“Oh! I haven’t been home yet, Darling!” She explained: “I’ve been to a party. It lasted all night!”

RIP Julia. Life is a cabaret old chum!

“Time, Gentleman Please!”

The Bent Brief
The Bent Brief closed in early 2015

In response to The Daily Post Photo Challenge: TIME and Pub No 3 in my series

TIME has been called on this popular Southampton pub that had a great reputation for live music. From opera to jazz, it offered a broad range of sounds. One of the pub’s former regulars was blues musician Gordon Haskell.

The highlight of the festive season was their annual pantomime – political satires written by Dr Julie Campbell who lectured at the University of Southampton; performed by students and locals together under the name of the £40 Theatre Company.

The Bent Brief‘s name was coined in competition with another pub further along Lodge Road: The Honest Lawyer (which I posted on the Photo Challenge: Change http://wp.me/p6jveM-gU ). This was due to the number of law firms that used to operate in the area in 1878. My father had been a local and met up with friends in both pubs.

To enter or see others: https://dailypost.wordpress.com/photo-challenges/time/

Netflix – The Crown

the-crown-netflixStreets are being blown up in Winchester today – not far from my city in Hampshire, as part of Netlflix/Sony filming a big-budget historical drama series called The Crown.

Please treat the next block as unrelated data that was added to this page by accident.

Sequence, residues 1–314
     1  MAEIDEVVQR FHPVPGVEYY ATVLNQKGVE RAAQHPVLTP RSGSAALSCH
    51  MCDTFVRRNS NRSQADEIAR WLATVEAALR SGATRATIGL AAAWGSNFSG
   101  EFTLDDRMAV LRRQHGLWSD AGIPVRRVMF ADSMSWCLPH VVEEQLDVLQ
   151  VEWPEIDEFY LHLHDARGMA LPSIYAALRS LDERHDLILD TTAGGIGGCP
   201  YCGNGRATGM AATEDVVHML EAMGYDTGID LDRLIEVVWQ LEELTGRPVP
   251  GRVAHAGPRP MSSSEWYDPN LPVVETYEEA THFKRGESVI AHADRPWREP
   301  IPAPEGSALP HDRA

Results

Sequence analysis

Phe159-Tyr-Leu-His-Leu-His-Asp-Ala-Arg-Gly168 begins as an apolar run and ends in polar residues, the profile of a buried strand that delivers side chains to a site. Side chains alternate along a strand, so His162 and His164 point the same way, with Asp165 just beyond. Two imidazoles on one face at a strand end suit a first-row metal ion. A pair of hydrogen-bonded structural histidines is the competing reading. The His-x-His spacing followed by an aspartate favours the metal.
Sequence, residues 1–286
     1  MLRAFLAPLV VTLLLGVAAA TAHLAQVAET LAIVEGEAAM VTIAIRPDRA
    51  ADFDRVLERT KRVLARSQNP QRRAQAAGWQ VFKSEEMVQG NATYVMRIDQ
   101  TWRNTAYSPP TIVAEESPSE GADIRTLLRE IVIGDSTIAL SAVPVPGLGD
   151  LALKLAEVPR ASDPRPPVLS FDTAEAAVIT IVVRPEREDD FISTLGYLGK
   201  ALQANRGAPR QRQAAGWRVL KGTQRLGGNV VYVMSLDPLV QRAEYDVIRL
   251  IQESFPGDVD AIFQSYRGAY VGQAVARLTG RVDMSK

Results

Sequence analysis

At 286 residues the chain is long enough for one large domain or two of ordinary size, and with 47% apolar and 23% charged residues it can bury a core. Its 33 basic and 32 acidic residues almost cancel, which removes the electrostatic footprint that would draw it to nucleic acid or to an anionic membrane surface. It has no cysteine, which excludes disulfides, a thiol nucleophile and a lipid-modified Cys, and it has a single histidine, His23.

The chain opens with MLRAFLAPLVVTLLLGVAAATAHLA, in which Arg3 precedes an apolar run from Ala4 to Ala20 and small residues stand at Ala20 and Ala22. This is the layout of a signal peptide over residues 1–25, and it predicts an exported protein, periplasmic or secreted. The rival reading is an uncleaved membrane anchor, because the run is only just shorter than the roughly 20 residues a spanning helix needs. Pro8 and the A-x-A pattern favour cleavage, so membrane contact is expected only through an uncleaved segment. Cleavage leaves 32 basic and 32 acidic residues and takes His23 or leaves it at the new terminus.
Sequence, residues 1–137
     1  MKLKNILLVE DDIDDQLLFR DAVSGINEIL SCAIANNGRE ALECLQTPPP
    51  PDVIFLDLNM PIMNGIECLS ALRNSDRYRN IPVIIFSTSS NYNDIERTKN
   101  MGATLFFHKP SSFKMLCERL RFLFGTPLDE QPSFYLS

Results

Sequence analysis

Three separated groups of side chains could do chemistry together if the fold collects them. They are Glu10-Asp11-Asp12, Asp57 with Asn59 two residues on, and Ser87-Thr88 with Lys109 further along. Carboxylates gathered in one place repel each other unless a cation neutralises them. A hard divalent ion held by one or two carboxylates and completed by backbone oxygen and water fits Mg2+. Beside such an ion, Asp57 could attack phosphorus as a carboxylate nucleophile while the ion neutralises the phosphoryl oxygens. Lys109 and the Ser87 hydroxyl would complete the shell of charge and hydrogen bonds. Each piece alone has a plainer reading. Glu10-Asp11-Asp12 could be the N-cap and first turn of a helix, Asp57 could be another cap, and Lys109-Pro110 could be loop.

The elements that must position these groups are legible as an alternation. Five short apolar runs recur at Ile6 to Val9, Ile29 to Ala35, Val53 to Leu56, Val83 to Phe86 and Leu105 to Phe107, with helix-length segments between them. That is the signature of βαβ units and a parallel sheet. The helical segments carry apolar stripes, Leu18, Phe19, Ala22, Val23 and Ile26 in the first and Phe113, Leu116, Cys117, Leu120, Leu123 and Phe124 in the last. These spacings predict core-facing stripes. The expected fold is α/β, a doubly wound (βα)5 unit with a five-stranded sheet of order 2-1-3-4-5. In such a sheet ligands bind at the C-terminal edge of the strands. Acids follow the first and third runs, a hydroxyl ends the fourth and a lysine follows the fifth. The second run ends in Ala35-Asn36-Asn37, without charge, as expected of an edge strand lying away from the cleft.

College Street and Kingsgate Street have all been cordoned off  except for actors costumed in 40s attire, and rubble has been placed outside The Wykeham Arms pub for the re-enactment of World War II scenes.

The Wykeham Arms

The Wykeham Pub and Cornflowers on College Street, Winchester
The Wykeham Pub and Cornflowers on College Street, Winchester

www.dailyecho.co.uk/photographs/news_galleries/2016/january/the_crown_in_winchester

I expect that Hampshire Council will well-paid for this inconvenience – at £100 million, the filming budget is said to be the most expensive television show ever produced in Britain.

My family and friends have travelled to various parts of Britain to work as extras since filming commenced last October. Despite having signed secrecy contracts, the scenes at weddings, funerals and stately homes are all over the internet. Netflix have also released a trailor on YouTube: https://youtu.be/n8Q0bJ_zO7w  More stills appear on https://youtu.be/P8fodkCDKLQ

The first two of an eventual series of six, concentrate on the Queen’s early years, her marriage to Prince Phillip, the death of King George IV, her Coronation and the Blitz. These are expected to be released all in one go this Autumn, after the last series of Downton Abbey has been aired in USA and Canada.

If the Netflix binge-watch is financially successful (and these sort of dramas have world-wide appeal) the next two series will be filmed.

The Crown’s creator is Peter Morgan (of award-winning films The Queen and Frost/Nixon). It stars Claire Foy (Anne Boleyn in the Wolf Hall series) as Princess Elizabeth, Matt Smith (Dr Who) as Prince Phillip and American actor John Lithgow as a very convincing Churchill.